Twitter doubles character limit

Twitter announced an expansion on its character count from 140 characters to 280 on Nov. 7.

Twitter has doubled the length of tweets, relieving the pressure people have to fit all of their thoughts into the length of this paragraph.

However, this addition violates the expectations of some, biology freshman Jackie Perez said.

“I feel like the reason I get on Twitter is because everything is so concise, like succinct,” Perez said.

Perez believes Twitter was fine without the larger character limit and worries the platform's brief nature is in jeopardy, she said.

“I feel like that kind of kills it a little,” Perez said.

Perez said she rarely had a problem exceeding the previous character limit.

“If I do have trouble on the limit, I just take out some words that don't need to be there,” Perez said. “People will still understand the overall message.”

But, many have anticipated this change and are excited to utilize more characters, business management junior Christian Moore said.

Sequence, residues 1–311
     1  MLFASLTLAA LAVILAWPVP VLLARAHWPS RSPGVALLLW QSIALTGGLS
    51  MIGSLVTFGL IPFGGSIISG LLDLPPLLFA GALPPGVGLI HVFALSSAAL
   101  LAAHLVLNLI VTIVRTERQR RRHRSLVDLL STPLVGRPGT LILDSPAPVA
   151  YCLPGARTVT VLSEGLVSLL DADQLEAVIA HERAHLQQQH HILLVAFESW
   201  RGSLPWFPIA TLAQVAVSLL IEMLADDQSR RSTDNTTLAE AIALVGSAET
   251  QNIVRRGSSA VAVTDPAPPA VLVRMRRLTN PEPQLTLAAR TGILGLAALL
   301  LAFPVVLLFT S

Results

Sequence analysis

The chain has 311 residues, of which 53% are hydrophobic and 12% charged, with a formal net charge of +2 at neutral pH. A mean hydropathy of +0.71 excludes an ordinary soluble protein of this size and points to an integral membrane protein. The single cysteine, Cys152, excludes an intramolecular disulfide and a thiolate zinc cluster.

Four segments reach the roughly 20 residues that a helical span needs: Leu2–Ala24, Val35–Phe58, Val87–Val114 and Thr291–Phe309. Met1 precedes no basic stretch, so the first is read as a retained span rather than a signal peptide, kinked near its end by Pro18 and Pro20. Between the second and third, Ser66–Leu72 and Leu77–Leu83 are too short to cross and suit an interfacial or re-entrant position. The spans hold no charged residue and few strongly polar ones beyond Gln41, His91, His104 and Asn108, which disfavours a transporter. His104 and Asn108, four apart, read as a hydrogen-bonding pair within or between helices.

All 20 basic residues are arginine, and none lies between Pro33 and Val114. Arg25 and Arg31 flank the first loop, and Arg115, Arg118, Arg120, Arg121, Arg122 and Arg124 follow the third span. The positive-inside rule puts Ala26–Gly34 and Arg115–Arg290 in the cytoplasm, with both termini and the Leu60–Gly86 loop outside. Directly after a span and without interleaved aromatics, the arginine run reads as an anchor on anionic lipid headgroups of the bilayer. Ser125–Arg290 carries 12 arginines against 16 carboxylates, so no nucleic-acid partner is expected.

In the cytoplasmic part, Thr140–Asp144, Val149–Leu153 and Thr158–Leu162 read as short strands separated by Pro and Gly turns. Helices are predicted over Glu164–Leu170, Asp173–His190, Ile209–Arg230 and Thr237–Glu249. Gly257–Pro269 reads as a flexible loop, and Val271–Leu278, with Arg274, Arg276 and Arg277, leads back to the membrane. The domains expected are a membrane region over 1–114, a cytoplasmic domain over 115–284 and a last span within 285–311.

Moore thinks the change will cause Twitter to be a more desirable social media platform for many, he said.

“I think the more characters you allow, you can share more thoughts and get more out in detail,” Moore said.

Moore often encountered difficulty with brevity when using Twitter and often opted for other social media platforms when relaying important information, he said.

While the opportunity to have longer posts may benefit many users socially, businesses and news outlets will frequently benefit, as well, communication technology junior Kord Hickson said.

“I think what you are going to notice more is more corporations or more solicitors that are trying to use it,” Hickson said.

But some feel that other changes should have been made to Twitter, said Savannah Araujo, accounting and finance sophomore.

Araujo said the character limit was a superfluous expansion and doesn’t read longer tweets, she said.

“I think all of us are waiting on that edit button, let's be real,” Araujo said.

@MaxwellHilliard

features-editor.shorthorn@uta.edu

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